September 20-26, 2015 is Deaf Dog Awareness Week!
Check out this great information from our friends at the ASPCA:
Do you hear what I hear?
It has happened so many times, a “bad dog” is abandoned at a shelter. Finally someone takes a minute to examine the dog and finds that he/she is deaf. Being deaf may make your dog appear to be disobedient or even defiant, when in reality they truly do not grasp the goals at hand.
Once a dog is diagnosed as deaf, their family can learn to communicate with them in different ways. While learning American Sign Language may not be necessary to communicate with your deaf dog, learning about and understanding how to communicate with a deaf dog will allow you and your dog to enjoy a much better relationship and reduce the dog’s chances of being abandoned or worse due to their inability to hear sounds like we assume all dogs do.
Why is it so difficult to recognize our pet is deaf?
Deaf dogs still bark. Maybe they don’t bark in the same way other dogs do, but they will still use their bark instinctively. This may result in inappropriate barking. Instead of getting upset, get your dog’s hearing checked!
What are the most common breeds that present with deafness?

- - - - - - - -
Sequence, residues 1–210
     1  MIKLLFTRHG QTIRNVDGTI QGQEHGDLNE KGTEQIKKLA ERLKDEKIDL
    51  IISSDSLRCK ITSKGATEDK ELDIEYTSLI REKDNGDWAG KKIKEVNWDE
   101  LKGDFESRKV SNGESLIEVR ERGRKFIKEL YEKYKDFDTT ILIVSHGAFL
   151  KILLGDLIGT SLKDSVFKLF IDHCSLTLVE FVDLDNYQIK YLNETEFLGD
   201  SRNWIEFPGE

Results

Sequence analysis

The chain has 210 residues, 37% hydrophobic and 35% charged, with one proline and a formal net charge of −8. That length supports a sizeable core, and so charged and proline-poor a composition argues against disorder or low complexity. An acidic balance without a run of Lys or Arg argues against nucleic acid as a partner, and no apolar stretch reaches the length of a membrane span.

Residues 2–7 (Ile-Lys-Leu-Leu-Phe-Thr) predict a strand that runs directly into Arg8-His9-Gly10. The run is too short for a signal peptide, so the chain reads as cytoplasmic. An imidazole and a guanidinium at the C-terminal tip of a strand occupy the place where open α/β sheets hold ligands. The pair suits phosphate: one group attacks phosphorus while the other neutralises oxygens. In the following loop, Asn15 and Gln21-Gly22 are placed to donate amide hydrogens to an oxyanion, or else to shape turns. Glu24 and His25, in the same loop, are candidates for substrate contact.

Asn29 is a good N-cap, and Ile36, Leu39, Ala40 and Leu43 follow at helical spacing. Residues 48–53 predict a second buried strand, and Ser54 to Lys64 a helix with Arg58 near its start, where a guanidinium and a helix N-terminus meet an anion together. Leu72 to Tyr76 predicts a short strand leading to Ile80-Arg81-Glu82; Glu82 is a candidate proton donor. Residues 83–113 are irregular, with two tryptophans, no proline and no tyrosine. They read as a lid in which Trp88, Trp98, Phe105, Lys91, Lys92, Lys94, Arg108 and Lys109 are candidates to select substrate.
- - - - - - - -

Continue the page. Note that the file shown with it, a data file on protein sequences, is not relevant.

Deafness is often found in “all white” dogs. It seems that “hearing cells” originate from the same cell family as pigment producing cells. Thus, the same deficiency that causes a lack of pigment may also reduce the dog’s hearing. Aside from pigment related deafness, there are some breeds that are diagnosed more frequently than others with deafness, the top 10 are:
1. Australian Shepherds
2. Boston terriers
3. Cocker Spaniels
5. German Shepherds
7. Jack Russell terriers
9. Toy and Miniature Poodles
10. West Highland white terriers
What is most important to realize is that deaf dogs are trainable! Just like other dogs, deaf dogs learn hand commands and tricks. While they will never have the same recall skills as a hearing dog, they are just as trainable and obedient.
Learn more about deaf dogs: